Italy: a setback, but no game changer
In 14Q1, GDP volume fell again after only one quarter of growth in more than two years. Private consumption, however, did increase for the first time since 2010. Underlying data suggest the economy will muddle through during the rest of the year.
Back into the red figures
In the first quarter of 2014, GDP volume contracted by 0.1% q-o-q, after a first minor uptick in more than two years in the final quarter of 2013. Inventory formation again had a negative contribution (-0.2%-point). Fixed investment volume also subtracted 0.2%-point from the headline figure. The contraction was mostly due to a fall in investment in transport equipment, after a surprisingly strong performance in the previous quarter. Net trade had the largest positive contribution (0.2%-points) as export volume grew faster than import volume. Most noteworthy, though, private consumption supported growth for the first time in three years (0.1%-point).
Sentiment improves, but not in all sectors
Looking forward, sentiment indicators signal GDP volume will not contract another year in 2014, despite their minor worsening in June. The economic sentiment indicator (ESI) of the European Commission stood above its long-term average for the fourth consecutive month in June, albeit only slightly (100.3, long-term average is 100). In May, consumer confidence reached its highest point in more than 10 years and producers in the retail sector are very positive as they expect their business environment to improve substantially. Also, the purchasing managers index (PMI) in the manufacturing sector still stands above its growth-neutral level of 50 in June (52.6), though at a 3-month low. Sentiment in the construction and services sector remains very downbeat. Despite overall mildly positive sentiment, we expect the economy to muddle through in the coming quarters as domestic demand still faces headwinds.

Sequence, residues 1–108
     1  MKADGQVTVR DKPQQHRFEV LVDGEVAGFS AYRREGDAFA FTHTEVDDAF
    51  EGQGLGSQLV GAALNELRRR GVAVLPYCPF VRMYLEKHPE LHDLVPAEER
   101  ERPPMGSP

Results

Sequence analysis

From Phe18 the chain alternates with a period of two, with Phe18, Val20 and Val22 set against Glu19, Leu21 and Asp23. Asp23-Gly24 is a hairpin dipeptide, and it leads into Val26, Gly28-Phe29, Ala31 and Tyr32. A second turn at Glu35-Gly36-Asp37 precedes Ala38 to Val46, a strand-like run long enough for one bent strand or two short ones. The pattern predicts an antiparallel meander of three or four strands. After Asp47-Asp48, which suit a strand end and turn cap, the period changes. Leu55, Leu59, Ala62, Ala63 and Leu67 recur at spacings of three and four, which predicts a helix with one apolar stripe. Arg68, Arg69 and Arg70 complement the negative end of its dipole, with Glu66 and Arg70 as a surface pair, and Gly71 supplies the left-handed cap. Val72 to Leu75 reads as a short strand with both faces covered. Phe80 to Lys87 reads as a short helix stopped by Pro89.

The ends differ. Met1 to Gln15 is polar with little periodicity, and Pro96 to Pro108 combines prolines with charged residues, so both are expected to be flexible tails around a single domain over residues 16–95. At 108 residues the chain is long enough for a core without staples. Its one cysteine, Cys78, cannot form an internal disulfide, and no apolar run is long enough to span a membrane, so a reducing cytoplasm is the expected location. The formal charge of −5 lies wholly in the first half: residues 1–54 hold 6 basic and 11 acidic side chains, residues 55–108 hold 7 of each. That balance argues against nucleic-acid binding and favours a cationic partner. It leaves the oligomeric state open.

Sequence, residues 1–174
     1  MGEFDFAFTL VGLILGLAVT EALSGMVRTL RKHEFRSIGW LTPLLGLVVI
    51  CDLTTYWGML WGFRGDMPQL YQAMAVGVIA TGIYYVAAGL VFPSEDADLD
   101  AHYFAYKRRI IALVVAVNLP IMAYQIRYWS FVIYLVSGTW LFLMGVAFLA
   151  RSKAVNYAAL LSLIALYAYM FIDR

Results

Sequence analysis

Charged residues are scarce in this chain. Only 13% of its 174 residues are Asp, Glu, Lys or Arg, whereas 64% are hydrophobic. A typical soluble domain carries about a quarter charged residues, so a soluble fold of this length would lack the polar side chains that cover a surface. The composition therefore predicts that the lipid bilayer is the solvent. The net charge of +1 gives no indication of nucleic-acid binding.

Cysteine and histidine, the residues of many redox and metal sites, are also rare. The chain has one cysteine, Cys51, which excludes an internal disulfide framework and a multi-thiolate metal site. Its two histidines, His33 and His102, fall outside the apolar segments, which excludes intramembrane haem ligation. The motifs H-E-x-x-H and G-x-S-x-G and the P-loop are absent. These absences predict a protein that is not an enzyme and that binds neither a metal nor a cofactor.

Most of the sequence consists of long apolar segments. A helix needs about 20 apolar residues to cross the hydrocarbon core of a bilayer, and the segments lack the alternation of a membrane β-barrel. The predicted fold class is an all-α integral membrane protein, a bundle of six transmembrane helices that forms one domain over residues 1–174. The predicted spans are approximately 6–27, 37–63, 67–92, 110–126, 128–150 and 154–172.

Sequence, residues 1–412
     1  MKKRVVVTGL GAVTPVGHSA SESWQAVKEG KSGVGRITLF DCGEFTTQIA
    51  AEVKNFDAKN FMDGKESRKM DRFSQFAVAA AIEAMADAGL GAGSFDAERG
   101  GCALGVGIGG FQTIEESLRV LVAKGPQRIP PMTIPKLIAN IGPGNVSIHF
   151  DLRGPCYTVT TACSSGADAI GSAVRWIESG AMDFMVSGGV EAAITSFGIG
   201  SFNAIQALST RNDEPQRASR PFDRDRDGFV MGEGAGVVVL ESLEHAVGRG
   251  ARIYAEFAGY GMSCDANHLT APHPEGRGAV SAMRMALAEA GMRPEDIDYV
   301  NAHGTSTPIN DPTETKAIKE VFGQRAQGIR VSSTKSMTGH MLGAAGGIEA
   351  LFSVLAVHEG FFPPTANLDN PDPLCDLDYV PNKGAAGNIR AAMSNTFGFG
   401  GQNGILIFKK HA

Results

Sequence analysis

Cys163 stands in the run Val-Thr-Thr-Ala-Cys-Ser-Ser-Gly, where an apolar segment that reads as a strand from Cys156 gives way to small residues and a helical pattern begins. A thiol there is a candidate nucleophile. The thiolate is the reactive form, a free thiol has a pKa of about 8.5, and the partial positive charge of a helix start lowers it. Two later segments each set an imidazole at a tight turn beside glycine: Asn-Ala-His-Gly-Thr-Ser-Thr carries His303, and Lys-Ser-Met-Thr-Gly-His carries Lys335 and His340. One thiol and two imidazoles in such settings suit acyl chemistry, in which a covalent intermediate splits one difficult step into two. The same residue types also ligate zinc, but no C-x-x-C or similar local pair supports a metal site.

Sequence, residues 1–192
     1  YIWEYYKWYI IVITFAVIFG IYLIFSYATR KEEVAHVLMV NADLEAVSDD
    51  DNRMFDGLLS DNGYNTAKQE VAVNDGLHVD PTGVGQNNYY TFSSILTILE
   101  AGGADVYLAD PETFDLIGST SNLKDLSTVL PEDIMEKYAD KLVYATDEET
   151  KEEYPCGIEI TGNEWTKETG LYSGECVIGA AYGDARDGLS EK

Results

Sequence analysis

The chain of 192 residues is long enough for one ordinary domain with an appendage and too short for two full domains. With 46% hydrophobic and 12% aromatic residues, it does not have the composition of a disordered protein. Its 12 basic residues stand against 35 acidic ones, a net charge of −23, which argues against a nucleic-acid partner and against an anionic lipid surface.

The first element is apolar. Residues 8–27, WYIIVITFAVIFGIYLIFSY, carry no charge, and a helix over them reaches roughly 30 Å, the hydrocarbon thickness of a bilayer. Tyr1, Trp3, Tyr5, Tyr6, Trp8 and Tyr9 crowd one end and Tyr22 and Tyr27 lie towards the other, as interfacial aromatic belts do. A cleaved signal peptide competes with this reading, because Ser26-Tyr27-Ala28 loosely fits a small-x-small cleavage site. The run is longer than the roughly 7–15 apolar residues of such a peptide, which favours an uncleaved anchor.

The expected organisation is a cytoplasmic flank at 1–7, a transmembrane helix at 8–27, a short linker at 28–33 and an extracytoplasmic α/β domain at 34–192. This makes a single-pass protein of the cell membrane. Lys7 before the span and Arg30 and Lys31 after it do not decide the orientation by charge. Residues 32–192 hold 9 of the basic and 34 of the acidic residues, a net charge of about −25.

Government’s hands are tied
The government, for example, will need to pursue a tight fiscal budget in order to comply with Europe’s budget rules and to bring down its enormous debt ratio. More austerity measures than currently announced are likely to be implemented this year as Italy is still at risk of non-compliance with the Stability and Growth Pact, according to the European Commission (June). Even though the fiscal effort will be much lower than in 2012, it cannot deviate considerably from that in 2013 with negative effects on GDP volume growth.
Consumer sentiment outpaces hard data
At the same time, we do not expect strong private consumption growth going forward as real household disposable income is still low and under pressure (around 13% below its pre-crisis peak, a 26-year low) for several reasons. First, hourly wage growth (1.15% y-o-y in April) has never been weaker and with a very high unemployment rate (12.6% in May, figure 3) wages are unlikely to start growing fast in the near term. We believe it will take time before job creation takes off to bring down unemployment, which is confirmed by producers’ employment expectations. Second, the tax burden will not be reduced much any time soon as the government has to obey the European budget rules. A little bit of respite for households comes from the ultra-low inflation level (0.4% in May). Strong confidence in the new PM Matteo Renzi in combination with good economic news from abroad, are likely to be the drivers behind the currently historically high consumer confidence and low unemployment expectations. But it is insufficient to increase the still exceptionally low expressed and expected willingness of consumers to spend money.
Ups and downs in the investment cycle
Investment volume is likely the only component of domestic demand that will grow this year, albeit fairly slowly. This view is supported by the improving order position in the manufacturing sector (figure 4). But, amongst other things, the still low capacity utilisation rate in the manufacturing sector and weak domestic economic outlook remain to act as a drag on investment growth. Moreover, banks are still tightening credit standards for loans to non-financial corporations (figure 5), though at a slower pace than before. Demand for loans remains very weak, but did not contract in the first quarter of this year for the first time since end 2011 (figure 5). To sum up, the outlook starts to brighten, but the sky is not clear yet.